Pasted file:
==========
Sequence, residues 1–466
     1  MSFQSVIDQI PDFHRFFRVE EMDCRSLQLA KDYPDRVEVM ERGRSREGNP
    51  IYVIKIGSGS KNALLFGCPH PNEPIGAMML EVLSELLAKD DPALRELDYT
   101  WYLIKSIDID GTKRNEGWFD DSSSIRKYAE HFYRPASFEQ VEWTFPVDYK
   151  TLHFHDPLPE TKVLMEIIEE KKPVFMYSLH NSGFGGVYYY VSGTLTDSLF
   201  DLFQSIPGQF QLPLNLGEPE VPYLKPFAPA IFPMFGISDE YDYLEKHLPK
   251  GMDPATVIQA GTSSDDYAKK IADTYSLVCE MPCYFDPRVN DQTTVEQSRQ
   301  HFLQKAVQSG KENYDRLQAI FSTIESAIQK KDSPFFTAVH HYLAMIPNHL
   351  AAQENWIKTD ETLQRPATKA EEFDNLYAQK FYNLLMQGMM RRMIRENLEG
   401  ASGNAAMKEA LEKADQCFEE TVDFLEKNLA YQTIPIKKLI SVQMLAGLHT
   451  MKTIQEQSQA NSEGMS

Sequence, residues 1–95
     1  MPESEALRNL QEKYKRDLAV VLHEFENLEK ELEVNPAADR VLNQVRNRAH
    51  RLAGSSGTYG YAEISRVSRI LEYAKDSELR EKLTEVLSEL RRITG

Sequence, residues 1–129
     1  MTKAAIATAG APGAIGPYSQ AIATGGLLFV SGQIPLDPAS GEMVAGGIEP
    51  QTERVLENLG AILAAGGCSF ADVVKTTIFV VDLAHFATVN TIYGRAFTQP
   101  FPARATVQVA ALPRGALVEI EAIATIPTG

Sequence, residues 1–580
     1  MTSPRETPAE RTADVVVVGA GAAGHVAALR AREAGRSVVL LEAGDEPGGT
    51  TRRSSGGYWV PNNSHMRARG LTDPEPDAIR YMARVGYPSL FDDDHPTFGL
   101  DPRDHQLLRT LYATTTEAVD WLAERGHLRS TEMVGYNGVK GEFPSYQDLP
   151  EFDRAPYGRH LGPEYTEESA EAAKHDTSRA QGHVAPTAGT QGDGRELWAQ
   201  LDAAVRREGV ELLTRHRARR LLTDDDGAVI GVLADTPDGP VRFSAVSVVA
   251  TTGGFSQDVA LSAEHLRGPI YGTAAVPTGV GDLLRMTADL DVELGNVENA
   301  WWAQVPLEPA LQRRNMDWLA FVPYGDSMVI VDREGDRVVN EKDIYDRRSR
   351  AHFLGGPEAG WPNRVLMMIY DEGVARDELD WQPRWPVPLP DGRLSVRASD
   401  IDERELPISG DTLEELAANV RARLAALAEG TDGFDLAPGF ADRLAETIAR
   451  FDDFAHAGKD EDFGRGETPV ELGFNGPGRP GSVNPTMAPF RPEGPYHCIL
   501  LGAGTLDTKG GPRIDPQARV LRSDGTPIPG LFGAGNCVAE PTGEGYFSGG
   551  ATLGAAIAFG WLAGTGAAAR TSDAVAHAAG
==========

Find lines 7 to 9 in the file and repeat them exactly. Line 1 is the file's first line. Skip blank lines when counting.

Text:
   251  GMDPATVIQA GTSSDDYAKK IADTYSLVCE MPCYFDPRVN DQTTVEQSRQ
   301  HFLQKAVQSG KENYDRLQAI FSTIESAIQK KDSPFFTAVH HYLAMIPNHL
   351  AAQENWIKTD ETLQRPATKA EEFDNLYAQK FYNLLMQGMM RRMIRENLEG